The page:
(NEW YORK) — A federal judge decided on Dec. 31 that Mississippi can move forward in creating a state-run court system of unelected judges and prosecutors to preside over part of the majority-Black city of Jackson. However, the U.S. 5th Circuit Court of Appeals separately temporarily blocked the court’s creation until Jan. 5.
This law, by the majority-white and Republican-controlled Mississippi Legislature, has been the source of controversy and contention in the state. Some residents and civil rights organizations claim it takes away Black residents’ right to vote for local officials.
What does this new system mean for Jackson?
Under this law, the state attorney general and the state Supreme Court chief justice will appoint attorneys and judges to serve the two courts, respectively, who would typically be voted for or appointed by local officials, as is the case with other Hinds County judicial officials.
These courts will serve the Capitol Complex Improvement District, which was created by the Mississippi Legislature to establish funding for infrastructure projects in downtown Jackson.
The legislation would also widen the Capitol Police’s jurisdiction.
The Republican-backed law was sponsored by state Rep. Trey Lamar, who argued that the effort would address crime in Jackson, as well as help with “a backlog, a need for assistance in the Hinds County judiciary.”
The controversy behind the law
Critics of the court system say it strips residents of their “constitutional rights” to vote for and elect their judges and prosecutors.
Jackson Mayor Chokwe Antar Lumumba called the law “the most oppressive legislation that we have seen in our city’s history” when it was passed in the state House in February 2023.
“It’s oppressive because it strips the right of Black folks to vote and it’s oppressive because it puts a military force over people that has no accountability to them,” he told reporters at the time. “It’s oppressive because there will be judges who will determine sentences over people’s lives. It’s oppressive because it redirects their tax dollars to something they don’t endorse or believe in.”
It was signed into law by Gov. Tate Reeves in April 2023.
“This legislation won’t solve the entire problem, but if we can stop one shooting, if we can respond to one more 911 call – then we’re one step closer to a better Jackson,” Reeves said in a social media post.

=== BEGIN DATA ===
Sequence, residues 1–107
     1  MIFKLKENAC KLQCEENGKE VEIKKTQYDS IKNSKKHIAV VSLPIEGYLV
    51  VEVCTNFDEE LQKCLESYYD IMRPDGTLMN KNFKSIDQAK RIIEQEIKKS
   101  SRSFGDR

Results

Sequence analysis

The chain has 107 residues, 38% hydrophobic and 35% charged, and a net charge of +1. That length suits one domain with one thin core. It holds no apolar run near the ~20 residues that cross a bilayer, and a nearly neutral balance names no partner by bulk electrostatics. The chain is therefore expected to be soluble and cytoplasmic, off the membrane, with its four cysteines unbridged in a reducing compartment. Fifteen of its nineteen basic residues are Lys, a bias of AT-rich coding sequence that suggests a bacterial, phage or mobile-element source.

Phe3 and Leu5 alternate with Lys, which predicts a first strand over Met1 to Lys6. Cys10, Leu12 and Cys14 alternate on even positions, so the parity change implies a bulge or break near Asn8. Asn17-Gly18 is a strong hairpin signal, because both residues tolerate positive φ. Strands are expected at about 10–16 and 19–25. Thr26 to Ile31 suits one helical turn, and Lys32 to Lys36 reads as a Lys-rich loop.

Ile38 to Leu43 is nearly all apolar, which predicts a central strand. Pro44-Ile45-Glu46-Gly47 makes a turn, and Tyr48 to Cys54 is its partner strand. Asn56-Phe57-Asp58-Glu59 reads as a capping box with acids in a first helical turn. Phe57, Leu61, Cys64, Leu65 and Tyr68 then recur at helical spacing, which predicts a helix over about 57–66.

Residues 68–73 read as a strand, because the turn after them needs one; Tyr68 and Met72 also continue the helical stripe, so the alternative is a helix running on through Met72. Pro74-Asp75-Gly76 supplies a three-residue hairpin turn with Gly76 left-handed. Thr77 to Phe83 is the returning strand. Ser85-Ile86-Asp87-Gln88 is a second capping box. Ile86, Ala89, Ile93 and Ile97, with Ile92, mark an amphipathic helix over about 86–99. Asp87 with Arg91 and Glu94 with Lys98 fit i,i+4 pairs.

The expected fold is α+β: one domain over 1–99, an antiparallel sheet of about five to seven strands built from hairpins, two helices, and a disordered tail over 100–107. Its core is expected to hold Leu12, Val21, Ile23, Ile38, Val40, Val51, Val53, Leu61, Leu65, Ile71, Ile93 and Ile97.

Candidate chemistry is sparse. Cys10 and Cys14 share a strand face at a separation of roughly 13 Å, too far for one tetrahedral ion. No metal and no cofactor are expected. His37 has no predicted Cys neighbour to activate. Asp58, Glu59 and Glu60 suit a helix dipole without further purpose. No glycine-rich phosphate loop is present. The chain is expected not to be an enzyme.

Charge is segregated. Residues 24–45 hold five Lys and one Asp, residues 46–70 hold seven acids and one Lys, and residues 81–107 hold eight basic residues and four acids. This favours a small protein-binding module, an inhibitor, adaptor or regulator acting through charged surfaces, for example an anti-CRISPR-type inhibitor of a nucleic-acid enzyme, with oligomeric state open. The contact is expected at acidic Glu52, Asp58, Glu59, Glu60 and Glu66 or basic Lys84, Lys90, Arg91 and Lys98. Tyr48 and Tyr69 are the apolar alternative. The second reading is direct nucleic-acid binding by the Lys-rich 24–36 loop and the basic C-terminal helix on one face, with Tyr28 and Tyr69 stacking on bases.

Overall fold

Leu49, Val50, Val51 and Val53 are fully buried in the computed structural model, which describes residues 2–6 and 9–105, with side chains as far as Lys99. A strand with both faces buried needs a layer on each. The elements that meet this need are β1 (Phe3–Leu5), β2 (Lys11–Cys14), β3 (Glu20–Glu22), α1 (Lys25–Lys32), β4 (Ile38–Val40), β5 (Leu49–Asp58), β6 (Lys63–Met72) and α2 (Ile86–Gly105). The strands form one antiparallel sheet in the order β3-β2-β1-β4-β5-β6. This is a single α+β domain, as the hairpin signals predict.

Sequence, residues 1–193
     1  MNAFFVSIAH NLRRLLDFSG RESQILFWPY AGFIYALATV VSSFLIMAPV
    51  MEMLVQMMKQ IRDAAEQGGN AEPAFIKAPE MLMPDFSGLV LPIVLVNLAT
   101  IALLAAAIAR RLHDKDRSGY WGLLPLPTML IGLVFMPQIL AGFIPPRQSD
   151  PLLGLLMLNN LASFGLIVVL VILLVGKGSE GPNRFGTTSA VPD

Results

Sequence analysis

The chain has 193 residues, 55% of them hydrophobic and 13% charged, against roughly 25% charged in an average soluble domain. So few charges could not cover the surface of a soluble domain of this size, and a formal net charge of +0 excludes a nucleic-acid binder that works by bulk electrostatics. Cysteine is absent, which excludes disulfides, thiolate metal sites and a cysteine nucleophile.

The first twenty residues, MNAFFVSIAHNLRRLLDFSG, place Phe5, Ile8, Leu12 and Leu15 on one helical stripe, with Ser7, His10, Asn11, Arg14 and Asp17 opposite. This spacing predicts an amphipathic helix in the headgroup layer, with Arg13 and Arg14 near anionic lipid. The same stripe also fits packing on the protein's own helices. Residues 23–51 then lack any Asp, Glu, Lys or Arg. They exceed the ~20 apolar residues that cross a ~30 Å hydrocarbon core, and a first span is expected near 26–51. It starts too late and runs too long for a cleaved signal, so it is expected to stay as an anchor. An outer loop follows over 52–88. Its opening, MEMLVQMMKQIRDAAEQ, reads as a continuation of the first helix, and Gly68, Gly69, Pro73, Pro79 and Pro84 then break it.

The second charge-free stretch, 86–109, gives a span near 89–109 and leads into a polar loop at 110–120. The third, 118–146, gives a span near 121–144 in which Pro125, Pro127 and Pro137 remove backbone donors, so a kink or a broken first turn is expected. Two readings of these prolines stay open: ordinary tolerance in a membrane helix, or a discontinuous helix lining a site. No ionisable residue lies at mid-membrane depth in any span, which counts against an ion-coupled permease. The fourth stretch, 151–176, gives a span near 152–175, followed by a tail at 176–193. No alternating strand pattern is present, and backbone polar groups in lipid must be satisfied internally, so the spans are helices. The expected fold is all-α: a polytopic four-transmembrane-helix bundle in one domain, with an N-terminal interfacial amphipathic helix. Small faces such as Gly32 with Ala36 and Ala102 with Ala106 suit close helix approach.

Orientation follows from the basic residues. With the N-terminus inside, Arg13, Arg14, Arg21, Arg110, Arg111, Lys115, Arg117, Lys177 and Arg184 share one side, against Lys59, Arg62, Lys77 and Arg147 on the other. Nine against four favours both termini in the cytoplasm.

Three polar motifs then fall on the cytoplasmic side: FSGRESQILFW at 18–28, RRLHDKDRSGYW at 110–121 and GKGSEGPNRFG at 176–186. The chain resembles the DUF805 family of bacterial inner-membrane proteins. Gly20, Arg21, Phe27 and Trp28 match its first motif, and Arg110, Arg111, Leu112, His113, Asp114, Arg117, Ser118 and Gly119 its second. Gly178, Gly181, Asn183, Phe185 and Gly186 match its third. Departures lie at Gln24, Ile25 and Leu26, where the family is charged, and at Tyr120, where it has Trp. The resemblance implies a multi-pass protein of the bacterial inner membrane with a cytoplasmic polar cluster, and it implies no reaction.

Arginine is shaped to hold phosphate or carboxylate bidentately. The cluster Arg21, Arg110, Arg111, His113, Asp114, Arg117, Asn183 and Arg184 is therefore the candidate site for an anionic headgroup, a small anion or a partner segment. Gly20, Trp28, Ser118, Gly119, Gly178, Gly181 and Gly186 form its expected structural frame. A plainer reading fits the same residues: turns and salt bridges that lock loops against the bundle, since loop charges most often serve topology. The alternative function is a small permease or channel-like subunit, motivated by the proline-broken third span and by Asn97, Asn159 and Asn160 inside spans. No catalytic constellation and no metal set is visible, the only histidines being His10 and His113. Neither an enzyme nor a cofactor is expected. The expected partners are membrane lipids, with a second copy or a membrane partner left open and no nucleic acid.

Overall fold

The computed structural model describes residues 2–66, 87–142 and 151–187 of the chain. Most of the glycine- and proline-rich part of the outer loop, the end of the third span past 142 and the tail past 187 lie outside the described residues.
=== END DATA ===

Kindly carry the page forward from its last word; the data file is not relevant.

The civil rights group NAACP, alongside several Jackson residents, sued shortly after to stop the law’s Jan. 1, 2024, enforcement.
The complaint argued that the law is designed to “suppress and chill Black residents’ exercise of their First Amendment rights and strip Black residents of the political control they have fought to obtain and to which they are entitled.”
Black residents make up 82.8% of the city’s population, according to the U.S. Census.
“In violation of the Fourteenth Amendment, these laws target Jackson’s majority-Black residents on the basis of race for a separate and unequal policing structure and criminal justice system to which no other residents of the State are subjected,” read the complaint.
It continued, “Under this new regime and unlike in any other jurisdiction in Mississippi, in certain areas of Jackson, a citizen can be arrested by a police department led by a State-appointed official, be charged by a State-appointed prosecutor, be tried before a State-appointed judge, and be sentenced to imprisonment in a State penitentiary regardless of the severity of the act.”
Lamar waived off concerns, citing the court’s lower or “inferior” status, which means that decisions will be subject to scrutiny from a higher court.
“The people who voted for this bill are trying to make Jackson safer, that’s all they’re interested in and if you’re not committing crimes in Jackson, you really don’t have anything to worry about,” said Lamar.
The judge who decided to allow for the court’s creation, U.S. District Judge Henry Wingate, said plaintiffs failed to show they would be personally subjected to discriminatory treatment and therefore “lack standing to obtain the injunctive relief that they demand.”
However, the U.S. Court of Appeals for the 5th Circuit granted an administrative stay on the law’s enforcement pending appeal. The order noted that “nothing in this order is to be construed as indicating any view on the merits of any issue.”
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